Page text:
Lawmakers Kick Off 2016 Session

Category: State Issues

State Capitol Building

Lawmakers returned to Nashville today to kick off the second session of the 109th General Assembly—a session that is expected to move quickly as lawmakers barrel toward election season, where all 99 House seats and half of the Senate will be determined by Tennessee voters. Early talk in the Legislative Plaza suggests the legislature could seek to adjourn in late March, one of the earliest targets in recent memory. Meeting such a target would require lawmakers to both begin—and conduct—their work quickly.

Unlike recent years, one issue that lawmakers will not face is the prospect of continued poor fiscal conditions. Hundreds of millions in surplus revenues have been collected—but plans for the excess revenue are not yet clear. Some lawmakers are calling for a significant portion to be used for transportation infrastructure, while others point to the surplus as evidence that certain taxes, such as the Hall Income Tax, should be reduced or phased out entirely. The Governor is expected to address the surplus and present a corresponding spending plan in his State of the State Address, which typically occurs in late January or early February. To view UT’s budget priorities, click here.

Higher Ed Issues to Watch

Recent months have presented a preview of some “hot-button” higher education issues facing the General Assembly. These include:

Guns and Gun Carry Legislation
A number of guns-on-campus bills are expected to be filed this year. Senate Government Operations Chairman Mike Bell (R-Riceville) has announced his intent to file a bill permitting faculty and staff to carry firearms on campus, and Representative Andy Holt (R-Dresden) has already officially filed legislation on the same topic. Higher education stakeholders have long held that policies related to gun possession on campus should reside with the institutional and system governing bodies.

The current state law regarding carrying firearms on college campuses has been in place for over 25 years and does permit certain individuals to possess firearms on campus.  UT does not support legislative efforts that would further expand the presence of guns and other weapons on college campuses.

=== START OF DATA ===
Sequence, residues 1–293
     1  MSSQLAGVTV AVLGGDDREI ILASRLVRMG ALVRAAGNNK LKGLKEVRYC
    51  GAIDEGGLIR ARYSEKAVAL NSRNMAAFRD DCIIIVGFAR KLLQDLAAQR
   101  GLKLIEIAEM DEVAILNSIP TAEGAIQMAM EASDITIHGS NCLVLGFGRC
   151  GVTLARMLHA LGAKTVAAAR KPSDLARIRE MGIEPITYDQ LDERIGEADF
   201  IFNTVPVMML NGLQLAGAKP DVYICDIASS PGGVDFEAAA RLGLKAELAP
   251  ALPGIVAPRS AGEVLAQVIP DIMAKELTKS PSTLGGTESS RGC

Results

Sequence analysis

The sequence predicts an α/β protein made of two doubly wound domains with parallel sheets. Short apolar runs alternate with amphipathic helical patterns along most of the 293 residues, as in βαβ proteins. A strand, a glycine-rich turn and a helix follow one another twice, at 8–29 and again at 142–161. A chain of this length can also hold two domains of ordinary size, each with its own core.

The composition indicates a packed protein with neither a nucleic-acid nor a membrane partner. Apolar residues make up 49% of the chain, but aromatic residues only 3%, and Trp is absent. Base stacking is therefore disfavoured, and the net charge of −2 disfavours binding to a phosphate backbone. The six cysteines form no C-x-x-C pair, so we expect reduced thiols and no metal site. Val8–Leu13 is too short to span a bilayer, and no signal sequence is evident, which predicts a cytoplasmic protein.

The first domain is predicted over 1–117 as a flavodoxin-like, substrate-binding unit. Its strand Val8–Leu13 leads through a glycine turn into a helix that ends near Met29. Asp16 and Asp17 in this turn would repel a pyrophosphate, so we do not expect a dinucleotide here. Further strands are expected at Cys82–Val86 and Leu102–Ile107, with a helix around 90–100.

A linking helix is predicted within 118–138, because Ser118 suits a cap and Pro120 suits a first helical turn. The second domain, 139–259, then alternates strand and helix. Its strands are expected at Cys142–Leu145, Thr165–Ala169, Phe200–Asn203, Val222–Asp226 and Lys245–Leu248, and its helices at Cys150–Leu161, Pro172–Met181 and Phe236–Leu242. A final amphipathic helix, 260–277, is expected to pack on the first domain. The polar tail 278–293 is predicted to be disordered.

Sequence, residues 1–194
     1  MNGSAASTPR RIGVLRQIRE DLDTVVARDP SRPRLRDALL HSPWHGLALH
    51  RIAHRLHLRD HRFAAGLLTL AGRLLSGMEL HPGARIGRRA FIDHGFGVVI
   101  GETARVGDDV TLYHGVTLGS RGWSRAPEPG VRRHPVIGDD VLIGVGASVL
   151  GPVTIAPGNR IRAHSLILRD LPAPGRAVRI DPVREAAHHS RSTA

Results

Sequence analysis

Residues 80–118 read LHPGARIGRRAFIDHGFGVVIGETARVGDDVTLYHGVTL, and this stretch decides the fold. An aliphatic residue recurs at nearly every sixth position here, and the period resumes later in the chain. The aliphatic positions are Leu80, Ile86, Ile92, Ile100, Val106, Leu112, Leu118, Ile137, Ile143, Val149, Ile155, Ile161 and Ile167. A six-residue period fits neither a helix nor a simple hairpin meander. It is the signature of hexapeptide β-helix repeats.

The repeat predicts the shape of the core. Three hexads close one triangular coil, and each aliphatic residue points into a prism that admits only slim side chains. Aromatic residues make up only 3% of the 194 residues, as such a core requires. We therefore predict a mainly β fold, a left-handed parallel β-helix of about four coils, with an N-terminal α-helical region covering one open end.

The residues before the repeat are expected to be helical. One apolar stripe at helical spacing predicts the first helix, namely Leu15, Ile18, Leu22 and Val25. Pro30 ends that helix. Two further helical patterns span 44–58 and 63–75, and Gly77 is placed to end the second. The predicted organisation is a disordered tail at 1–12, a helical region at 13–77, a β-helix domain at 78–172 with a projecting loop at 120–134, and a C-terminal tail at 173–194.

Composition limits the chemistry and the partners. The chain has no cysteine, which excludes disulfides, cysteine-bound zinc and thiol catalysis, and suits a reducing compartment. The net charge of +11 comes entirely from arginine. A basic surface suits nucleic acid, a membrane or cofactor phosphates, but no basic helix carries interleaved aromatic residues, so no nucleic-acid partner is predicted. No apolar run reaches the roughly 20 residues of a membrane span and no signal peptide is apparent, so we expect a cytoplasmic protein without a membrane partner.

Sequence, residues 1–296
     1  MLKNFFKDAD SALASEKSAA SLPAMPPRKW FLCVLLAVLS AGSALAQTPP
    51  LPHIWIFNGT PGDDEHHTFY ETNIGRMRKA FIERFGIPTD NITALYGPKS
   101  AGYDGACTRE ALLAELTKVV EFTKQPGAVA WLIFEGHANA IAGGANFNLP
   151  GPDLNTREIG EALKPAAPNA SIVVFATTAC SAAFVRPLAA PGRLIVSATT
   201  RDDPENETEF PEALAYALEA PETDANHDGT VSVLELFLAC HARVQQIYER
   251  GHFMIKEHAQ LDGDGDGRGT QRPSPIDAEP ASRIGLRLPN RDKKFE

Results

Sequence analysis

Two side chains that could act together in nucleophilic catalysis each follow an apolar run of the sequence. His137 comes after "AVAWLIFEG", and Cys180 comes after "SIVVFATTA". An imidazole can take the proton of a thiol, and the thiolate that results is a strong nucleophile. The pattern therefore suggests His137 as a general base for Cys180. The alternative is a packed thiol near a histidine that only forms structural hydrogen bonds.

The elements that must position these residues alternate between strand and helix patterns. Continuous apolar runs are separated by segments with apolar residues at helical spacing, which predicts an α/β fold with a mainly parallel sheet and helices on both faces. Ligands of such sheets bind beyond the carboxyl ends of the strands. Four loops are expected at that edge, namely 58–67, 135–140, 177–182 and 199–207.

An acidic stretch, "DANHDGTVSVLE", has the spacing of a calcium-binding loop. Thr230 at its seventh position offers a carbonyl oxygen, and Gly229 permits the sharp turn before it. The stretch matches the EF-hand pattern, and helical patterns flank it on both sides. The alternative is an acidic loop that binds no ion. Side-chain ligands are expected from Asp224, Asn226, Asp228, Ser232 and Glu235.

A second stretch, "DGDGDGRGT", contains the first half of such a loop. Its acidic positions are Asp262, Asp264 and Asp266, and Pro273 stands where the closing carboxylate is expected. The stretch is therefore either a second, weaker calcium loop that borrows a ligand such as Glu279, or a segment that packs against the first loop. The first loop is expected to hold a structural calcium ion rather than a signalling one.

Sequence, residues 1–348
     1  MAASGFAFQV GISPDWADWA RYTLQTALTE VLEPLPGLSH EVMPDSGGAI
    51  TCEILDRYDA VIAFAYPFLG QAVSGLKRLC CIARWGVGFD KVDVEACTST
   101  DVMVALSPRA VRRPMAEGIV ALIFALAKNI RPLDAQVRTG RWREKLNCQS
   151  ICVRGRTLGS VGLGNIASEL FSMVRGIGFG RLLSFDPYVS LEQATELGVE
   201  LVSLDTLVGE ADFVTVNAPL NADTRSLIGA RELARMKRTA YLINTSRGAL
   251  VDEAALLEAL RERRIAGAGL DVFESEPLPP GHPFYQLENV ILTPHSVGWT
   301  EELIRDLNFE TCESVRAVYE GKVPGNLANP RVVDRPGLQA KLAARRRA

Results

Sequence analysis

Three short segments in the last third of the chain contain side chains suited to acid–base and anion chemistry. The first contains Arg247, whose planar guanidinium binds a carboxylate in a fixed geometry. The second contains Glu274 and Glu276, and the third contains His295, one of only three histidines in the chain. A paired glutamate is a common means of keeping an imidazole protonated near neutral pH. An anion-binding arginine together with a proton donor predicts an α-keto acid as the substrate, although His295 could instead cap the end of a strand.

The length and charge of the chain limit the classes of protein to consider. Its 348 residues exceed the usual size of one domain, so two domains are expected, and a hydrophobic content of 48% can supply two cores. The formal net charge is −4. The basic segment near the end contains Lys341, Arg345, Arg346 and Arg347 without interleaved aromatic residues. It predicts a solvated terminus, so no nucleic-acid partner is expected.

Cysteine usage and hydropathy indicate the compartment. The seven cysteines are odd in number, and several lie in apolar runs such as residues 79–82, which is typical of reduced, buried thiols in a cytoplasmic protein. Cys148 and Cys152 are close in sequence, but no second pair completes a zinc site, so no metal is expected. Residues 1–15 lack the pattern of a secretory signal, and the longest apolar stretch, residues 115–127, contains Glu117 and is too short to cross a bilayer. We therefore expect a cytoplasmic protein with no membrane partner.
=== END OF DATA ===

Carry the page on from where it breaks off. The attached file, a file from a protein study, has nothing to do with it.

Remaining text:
Higher Education Governance
Late in 2015, Governor Haslam announced his plan to overhaul several aspects of higher education governance through the Focusing On College and University Success (FOCUS) Act. The FOCUS Act grants greater regulatory authority to the Tennessee Higher Education Commission (THEC) and provides more autonomy for the six Tennessee Board of Regents Universities by creating individual governing boards.

Under the FOCUS Act, the Tennessee Board of Regents (TBR) System would be reduced to only the Tennessee Colleges of Applied Technology and the 13 state community colleges.

Discussion on the issue could heat up as various interested parties weigh in on the proposed governance model. Just last week, TBR Chancellor John Morgan announced his early retirement as a response to concerns surrounding the plan.

According to the Administration, the FOCUS Act is not expected to impact the University of Tennessee. We will keep advocates informed of any developments.

Diversity Programs and Spending
Few issues have garnered such intense legislative scrutiny during the out-of-session months as diversity programs and associated spending at public higher education campuses across the state, particularly at UT Knoxville.

The Senate examined these issues in October through a special oversight committee, and lawmakers have been clear that they intend to study the issue further. Just this week, some members of the Knox County delegation requested the creation of a joint special committee to examine diversity efforts ongoing at the state’s public higher education institutions.  In recent days, some members have been surprised to learn that these efforts include activities aimed at improving enrollment and retention of students from various socioeconomic backgrounds, first-generation college students, and students from areas with lower college attendance rates.  UT welcomes this legislative oversight as an opportunity to help increase understanding about the need for diversity efforts on UT campuses.

Legislative action on this topic is anticipated but specific proposals have not yet been filed.  Stay tuned for updates.

Outsourcing
It is likely that the General Assembly will seek to weigh in on the prospect of turning over the facility maintenance contracts for state government to privately outsourced firms, an idea currently being pursued by the Haslam Administration. This issue has garnered attention among many state employees and, in particular, among higher education employees, since each of the campuses and systems currently self-manage their facilities.

….and So Many More
The issues above, coupled with perennial higher education issues like textbook costs, capital outlay funding, academic freedom, and campus safety will undoubtedly make for a full and challenging legislative session for the University of Tennessee.

Stay informed about these issues—and others—by joining the UT Advocacy Network.

Tags: